The cigar is every man’s punctuation to success, a status symbol indicating that a man has arrived. So if you are one who has reached this rung in life with a roll of tobacco between your lips, basking in the splendor and richness of cigar smoke, then congratulations! If you are new to this indulgence though, here are eight interesting cigar facts you can keep up your sleeve which make for good smoking room conversation starters. Getting to know your cigar better can also help you keep others from blowing smoke about cigars when you are buying. So here are eight chunks of good-to-know cigar facts:
1. Term Derivation
The English term ‘cigar’ stemmed from the Spanish ‘cigaro’ which originated from ‘siyar’, the Mayan word for tobacco.
2. Where Cigar Tobacco is Grown
Cigar tobacco is grown in Brazil, Cameroon, Cuba, Dominican Republic, Honduras, Indonesia, Mexico, Nicaragua, Philippines, and the United States.
3. Cigar Composition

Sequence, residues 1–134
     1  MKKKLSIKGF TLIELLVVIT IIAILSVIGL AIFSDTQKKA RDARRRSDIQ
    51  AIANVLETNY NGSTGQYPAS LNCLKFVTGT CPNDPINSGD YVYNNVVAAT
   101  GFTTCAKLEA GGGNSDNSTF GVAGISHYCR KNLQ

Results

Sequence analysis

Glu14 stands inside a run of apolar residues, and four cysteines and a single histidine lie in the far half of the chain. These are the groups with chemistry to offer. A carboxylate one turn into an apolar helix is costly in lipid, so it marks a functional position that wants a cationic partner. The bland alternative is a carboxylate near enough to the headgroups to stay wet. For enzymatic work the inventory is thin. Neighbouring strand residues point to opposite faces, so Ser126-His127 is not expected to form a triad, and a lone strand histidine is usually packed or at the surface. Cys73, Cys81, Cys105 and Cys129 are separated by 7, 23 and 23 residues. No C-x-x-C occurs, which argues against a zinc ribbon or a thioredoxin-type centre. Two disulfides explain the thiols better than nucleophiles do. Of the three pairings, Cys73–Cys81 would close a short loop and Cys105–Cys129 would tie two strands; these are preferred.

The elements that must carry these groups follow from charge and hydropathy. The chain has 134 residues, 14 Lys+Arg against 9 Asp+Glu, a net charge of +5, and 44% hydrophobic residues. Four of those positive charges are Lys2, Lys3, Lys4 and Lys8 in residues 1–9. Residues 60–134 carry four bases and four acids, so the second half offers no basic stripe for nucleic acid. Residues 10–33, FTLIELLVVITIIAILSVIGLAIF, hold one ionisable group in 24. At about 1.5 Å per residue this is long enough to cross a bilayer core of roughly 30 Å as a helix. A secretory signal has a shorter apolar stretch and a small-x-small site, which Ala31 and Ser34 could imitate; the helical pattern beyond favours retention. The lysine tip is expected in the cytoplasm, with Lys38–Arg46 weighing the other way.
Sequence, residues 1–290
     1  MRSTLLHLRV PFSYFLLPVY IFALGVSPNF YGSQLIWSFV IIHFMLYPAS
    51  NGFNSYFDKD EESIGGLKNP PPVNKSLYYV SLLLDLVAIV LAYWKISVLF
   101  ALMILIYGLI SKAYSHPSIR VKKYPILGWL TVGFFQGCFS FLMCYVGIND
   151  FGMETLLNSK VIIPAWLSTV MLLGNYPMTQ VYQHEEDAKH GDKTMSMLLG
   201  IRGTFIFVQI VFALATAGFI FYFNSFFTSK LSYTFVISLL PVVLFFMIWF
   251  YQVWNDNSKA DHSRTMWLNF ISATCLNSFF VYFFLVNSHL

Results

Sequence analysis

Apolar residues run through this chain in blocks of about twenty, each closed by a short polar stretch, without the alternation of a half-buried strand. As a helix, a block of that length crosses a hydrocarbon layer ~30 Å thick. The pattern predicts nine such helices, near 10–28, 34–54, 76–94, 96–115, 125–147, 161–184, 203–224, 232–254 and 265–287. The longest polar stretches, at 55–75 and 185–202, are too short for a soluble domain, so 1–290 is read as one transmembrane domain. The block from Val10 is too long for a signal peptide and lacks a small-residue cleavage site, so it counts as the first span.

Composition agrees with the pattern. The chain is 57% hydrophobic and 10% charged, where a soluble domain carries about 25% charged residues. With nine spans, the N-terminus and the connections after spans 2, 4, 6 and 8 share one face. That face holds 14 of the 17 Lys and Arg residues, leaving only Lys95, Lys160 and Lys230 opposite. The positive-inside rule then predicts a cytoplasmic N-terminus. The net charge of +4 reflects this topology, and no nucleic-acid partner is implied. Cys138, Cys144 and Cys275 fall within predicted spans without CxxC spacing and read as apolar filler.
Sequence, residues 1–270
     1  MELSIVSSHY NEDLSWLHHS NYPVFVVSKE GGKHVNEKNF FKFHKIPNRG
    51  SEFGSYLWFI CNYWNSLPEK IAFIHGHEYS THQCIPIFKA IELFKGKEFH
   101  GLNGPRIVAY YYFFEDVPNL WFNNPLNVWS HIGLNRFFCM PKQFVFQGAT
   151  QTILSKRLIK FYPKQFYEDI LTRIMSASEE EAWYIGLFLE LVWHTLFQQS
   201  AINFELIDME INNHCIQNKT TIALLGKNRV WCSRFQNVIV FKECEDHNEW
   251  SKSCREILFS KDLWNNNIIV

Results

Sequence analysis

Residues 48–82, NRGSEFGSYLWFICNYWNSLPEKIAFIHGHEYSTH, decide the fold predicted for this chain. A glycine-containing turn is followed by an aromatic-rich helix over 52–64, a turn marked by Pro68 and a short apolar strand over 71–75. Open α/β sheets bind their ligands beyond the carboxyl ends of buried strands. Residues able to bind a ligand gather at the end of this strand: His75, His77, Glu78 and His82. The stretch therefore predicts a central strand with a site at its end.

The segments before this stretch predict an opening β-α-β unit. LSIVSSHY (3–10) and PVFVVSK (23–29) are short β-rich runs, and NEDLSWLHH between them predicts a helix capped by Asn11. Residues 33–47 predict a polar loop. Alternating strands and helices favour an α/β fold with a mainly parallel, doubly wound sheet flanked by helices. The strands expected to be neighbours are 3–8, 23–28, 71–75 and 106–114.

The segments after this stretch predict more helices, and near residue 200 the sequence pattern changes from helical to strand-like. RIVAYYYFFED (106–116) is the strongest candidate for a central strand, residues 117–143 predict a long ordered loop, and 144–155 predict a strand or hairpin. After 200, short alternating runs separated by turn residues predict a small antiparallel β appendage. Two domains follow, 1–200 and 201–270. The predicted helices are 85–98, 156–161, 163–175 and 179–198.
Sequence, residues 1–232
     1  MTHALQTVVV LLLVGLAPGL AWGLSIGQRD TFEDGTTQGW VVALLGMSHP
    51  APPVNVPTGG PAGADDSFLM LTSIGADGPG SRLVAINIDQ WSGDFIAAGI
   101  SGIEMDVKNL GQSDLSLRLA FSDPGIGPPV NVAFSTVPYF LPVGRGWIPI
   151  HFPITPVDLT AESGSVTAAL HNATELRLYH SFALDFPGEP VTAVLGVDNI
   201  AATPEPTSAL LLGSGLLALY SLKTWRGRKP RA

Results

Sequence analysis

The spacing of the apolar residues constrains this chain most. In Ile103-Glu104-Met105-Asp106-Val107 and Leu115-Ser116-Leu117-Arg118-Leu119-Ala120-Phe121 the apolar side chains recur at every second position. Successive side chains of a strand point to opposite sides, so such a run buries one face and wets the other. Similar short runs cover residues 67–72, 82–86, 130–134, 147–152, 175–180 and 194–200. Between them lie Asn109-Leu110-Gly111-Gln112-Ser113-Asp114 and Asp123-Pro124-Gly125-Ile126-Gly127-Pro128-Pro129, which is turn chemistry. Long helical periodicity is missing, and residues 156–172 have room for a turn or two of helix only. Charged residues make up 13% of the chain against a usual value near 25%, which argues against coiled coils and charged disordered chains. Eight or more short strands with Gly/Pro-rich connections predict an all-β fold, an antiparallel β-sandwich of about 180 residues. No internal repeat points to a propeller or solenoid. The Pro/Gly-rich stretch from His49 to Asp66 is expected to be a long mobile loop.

Cigars are made of three types of tobacco leaves. The variations of these leaves establish the smoking and flavor characteristics, specifically – binders, fillers and wrappers.
4. Cigar Categories
Cigars are categorized based on their size and shape, which jointly are known as vitola. Irregular-shaped cigars, called Figurados are quite a challenge to make; this production difficulty is what makes them to be considered superior in terms of quality. Parejo is the most common shape of a cigar. Parejos have a cylindrical body, with straight sides and an open end. The other end has a round tobacco-leaf ‘cap’ that needs to be cut off before smoking. If a cigar is completely prepared from tobacco produced in only one country, it is referred to as ‘puro’, which in Spanish means ‘pure’, in the cigar industry.
5. Cigar Taste
Cigars that have darker wrappers tend to be sweet. On the other hand, those with light wrappers usually have a “drier” taste.
6. Tobacco Seed Size
A thousand tobacco seeds can fit inside a thimble.
7. Rolling a Cigar
An experienced roller can produce at least 120 cigars a day.
8. Famous Cigar Enthusiast
At the request of his wife, Mark Twain gave up cigars, leading to a long bout of writer’s block. He then resumed smoking his normal 300 cigars a month and wrote a book in three months without bother or difficulty.